Practical necessity in Bernard Williams's virtue ethics
MetadataShow full item record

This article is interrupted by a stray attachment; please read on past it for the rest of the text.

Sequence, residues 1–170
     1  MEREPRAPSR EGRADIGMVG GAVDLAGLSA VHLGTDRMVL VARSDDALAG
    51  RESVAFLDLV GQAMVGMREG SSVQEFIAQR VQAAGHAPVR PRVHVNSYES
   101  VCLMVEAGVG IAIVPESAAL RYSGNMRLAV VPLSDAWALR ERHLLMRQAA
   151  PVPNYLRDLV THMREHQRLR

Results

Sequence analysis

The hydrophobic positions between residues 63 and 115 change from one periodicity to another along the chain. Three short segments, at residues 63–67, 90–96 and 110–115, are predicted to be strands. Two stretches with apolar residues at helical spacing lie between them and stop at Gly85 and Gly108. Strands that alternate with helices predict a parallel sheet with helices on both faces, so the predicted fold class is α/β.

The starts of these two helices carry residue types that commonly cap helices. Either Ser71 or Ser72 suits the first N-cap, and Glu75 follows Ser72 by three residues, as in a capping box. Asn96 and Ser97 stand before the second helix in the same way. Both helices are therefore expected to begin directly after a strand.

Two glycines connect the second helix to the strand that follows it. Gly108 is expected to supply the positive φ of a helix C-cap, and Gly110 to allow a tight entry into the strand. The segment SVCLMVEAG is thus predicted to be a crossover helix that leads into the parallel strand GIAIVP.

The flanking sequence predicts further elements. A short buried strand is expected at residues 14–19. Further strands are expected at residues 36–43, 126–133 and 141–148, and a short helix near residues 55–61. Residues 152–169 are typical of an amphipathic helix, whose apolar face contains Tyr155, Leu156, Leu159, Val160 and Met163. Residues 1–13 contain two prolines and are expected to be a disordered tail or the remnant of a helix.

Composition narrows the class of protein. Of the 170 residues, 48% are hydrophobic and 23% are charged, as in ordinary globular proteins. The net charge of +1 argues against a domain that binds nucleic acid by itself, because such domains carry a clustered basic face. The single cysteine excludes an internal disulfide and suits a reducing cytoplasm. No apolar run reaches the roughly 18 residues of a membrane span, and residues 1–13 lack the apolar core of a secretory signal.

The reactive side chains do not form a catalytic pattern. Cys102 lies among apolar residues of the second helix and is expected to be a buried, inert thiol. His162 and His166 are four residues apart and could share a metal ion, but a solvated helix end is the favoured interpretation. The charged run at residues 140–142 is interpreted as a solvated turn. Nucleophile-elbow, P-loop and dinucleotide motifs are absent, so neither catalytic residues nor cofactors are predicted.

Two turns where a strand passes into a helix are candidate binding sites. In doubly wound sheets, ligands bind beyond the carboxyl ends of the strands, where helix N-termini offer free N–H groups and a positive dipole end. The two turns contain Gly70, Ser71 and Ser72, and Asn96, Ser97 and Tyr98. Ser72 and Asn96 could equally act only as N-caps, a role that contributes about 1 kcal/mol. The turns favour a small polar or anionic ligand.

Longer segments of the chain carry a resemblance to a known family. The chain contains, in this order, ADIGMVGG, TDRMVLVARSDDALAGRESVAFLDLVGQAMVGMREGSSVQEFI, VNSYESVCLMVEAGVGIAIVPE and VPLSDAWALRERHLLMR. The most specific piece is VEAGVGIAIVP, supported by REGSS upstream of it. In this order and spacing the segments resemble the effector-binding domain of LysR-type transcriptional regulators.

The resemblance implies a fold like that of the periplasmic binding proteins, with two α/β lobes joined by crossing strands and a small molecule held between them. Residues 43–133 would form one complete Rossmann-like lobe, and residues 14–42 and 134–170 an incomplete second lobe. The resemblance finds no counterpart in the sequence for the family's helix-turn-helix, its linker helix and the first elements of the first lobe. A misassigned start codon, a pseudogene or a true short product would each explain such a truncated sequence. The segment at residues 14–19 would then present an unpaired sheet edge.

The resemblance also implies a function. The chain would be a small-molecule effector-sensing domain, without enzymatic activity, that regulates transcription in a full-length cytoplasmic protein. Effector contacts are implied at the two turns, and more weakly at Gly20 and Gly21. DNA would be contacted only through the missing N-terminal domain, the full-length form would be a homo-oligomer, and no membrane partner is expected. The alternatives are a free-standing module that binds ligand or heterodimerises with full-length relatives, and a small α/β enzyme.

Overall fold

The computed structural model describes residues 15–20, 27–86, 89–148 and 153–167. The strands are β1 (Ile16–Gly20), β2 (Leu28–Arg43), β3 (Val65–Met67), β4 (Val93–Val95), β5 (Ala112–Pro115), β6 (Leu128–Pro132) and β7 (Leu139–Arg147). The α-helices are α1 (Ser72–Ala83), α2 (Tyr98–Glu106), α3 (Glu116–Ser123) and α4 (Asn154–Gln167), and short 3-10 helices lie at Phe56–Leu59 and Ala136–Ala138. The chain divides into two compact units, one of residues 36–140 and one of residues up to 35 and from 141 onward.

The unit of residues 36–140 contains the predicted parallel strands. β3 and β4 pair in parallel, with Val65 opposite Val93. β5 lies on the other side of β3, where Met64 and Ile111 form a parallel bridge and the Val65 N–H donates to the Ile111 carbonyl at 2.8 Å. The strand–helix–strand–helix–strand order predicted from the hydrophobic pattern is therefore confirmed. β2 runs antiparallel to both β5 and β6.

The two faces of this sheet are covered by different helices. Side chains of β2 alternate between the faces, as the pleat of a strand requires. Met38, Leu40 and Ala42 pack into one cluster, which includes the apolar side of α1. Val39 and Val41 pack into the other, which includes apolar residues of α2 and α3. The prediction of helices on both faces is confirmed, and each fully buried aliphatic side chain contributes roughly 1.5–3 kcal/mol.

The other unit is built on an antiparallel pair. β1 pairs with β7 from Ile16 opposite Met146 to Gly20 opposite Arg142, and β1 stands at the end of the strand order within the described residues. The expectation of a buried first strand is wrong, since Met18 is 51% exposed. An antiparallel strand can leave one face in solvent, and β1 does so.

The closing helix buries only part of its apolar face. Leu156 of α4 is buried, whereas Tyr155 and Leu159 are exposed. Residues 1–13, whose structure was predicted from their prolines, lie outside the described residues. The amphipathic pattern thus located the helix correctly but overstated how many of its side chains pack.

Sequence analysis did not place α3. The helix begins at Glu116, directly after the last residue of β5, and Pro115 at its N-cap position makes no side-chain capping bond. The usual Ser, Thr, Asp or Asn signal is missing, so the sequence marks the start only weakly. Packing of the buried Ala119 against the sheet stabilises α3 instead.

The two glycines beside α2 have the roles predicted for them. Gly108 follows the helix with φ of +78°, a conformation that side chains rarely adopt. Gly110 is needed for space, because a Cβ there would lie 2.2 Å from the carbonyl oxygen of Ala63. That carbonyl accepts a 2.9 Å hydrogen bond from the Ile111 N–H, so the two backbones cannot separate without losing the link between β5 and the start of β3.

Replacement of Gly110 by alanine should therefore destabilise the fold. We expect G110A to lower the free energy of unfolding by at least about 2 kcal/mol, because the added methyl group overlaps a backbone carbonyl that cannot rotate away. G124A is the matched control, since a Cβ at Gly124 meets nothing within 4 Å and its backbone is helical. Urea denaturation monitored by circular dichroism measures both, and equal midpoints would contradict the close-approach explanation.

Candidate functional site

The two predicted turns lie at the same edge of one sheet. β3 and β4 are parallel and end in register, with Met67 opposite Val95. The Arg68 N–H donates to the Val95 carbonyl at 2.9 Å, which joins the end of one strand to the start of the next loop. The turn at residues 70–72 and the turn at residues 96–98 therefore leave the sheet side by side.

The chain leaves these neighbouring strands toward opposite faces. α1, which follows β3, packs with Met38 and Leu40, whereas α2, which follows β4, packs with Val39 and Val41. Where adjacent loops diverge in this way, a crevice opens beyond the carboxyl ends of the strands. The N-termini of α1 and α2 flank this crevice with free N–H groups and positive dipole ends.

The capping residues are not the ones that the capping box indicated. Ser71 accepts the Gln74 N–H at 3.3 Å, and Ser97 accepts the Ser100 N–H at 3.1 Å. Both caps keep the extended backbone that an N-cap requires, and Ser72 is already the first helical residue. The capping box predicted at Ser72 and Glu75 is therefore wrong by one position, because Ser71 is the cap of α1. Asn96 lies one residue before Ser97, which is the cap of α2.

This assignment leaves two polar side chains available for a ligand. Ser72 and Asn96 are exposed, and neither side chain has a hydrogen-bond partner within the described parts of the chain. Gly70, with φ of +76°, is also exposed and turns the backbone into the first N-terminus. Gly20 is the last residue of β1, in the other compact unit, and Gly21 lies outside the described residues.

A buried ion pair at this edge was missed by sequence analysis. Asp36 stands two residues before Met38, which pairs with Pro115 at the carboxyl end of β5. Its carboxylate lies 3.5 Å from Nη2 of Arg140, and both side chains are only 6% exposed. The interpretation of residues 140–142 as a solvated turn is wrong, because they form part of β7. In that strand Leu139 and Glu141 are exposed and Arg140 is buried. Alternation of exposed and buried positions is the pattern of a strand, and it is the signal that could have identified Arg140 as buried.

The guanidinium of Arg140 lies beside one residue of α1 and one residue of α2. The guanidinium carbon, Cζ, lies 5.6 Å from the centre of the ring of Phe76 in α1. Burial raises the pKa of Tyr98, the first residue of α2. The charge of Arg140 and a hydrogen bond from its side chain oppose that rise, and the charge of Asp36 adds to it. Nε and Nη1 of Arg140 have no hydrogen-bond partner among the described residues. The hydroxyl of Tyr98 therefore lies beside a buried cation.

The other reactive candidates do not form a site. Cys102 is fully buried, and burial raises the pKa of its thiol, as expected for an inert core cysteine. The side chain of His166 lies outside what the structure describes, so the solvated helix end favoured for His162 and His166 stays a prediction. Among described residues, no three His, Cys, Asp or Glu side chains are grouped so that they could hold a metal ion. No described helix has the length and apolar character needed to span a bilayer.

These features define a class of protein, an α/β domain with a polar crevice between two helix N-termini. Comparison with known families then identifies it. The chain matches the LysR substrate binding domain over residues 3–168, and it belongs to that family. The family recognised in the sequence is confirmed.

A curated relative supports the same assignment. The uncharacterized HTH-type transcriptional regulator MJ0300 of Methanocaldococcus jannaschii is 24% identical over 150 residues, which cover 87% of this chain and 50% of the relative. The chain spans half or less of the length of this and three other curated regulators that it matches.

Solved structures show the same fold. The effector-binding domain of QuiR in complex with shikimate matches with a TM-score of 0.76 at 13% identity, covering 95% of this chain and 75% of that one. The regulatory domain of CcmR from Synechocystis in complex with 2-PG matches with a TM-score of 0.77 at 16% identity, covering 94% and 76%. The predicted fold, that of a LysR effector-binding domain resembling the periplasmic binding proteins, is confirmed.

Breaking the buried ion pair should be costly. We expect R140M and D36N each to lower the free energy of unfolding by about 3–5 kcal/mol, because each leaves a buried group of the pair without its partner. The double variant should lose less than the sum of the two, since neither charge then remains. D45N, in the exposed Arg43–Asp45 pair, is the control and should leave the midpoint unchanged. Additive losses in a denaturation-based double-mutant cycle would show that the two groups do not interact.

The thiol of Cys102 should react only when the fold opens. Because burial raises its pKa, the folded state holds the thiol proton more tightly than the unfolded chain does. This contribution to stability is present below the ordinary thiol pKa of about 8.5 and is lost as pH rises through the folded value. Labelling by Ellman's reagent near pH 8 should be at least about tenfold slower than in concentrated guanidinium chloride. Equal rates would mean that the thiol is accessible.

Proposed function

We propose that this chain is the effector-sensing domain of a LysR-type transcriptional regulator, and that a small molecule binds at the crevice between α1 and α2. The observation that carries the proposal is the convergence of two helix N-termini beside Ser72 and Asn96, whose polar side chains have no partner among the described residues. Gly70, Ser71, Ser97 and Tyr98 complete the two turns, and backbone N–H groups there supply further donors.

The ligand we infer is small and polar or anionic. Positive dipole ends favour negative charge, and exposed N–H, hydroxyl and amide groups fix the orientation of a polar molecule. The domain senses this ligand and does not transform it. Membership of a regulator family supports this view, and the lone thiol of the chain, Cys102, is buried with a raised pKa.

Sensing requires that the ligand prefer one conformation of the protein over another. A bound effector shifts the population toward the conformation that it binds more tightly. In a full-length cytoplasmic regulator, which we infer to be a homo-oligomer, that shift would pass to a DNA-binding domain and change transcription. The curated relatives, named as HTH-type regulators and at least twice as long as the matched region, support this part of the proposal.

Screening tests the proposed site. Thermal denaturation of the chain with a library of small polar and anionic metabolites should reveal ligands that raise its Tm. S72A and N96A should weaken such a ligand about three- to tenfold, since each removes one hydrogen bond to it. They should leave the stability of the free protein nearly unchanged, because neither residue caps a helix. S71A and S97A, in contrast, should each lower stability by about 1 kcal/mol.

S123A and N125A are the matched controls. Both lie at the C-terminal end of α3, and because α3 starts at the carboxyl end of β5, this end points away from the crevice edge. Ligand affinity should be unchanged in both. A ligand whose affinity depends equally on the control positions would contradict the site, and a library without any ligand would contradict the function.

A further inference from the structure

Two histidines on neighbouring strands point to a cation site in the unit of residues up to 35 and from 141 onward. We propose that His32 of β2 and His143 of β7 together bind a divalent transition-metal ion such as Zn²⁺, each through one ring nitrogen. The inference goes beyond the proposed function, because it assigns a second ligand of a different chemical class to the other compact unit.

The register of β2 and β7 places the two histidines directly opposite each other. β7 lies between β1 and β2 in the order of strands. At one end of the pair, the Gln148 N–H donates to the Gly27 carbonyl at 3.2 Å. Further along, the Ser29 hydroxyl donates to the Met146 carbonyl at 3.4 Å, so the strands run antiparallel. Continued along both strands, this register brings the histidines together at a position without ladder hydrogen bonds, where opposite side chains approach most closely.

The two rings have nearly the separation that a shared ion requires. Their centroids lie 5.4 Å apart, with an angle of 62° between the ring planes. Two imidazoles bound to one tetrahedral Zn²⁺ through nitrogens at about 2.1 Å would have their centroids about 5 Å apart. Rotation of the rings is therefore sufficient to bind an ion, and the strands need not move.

In this dissertation, I argue that Bernard Williams offers a system of virtue ethics based on his conception of practical necessity. In my exposition, Williams reveals the primacy of virtues in ethical life through showing that virtues are both sufficient and necessary for an agent to have a practical necessity to do a matching ethical action. Also, I present and defend Williams's conception of moral incapacity, which is generated by practical necessity to do an ethical action. In my explication, Williams's conception of moral incapacity helps us to clarify some key issues in virtue ethics, such as the unity of virtues, the conflicts of virtues and the Aristotelian ideal deliberator model. In order to show that Williams's virtue ethics is better than its two rivals, that is, the Kantian moral philosophy and utilitarianism, I reveal that Williams's conception of practical necessity does not bring him the problems disturbing both of them with respect to practical necessity. These problems are the conflicts problem, the domination problem, the justification problem, and the integrity problem. For the purpose of supporting the idea that only virtues can give an agent reason to have an ethical practical necessity, I present Williams's account of internal reasons and defend his account from the criticisms. Finally, I examine the impact of Williams's virtue ethics on his positions on metaethics concerning ethical objectivity, ethical conviction, and ethical justification.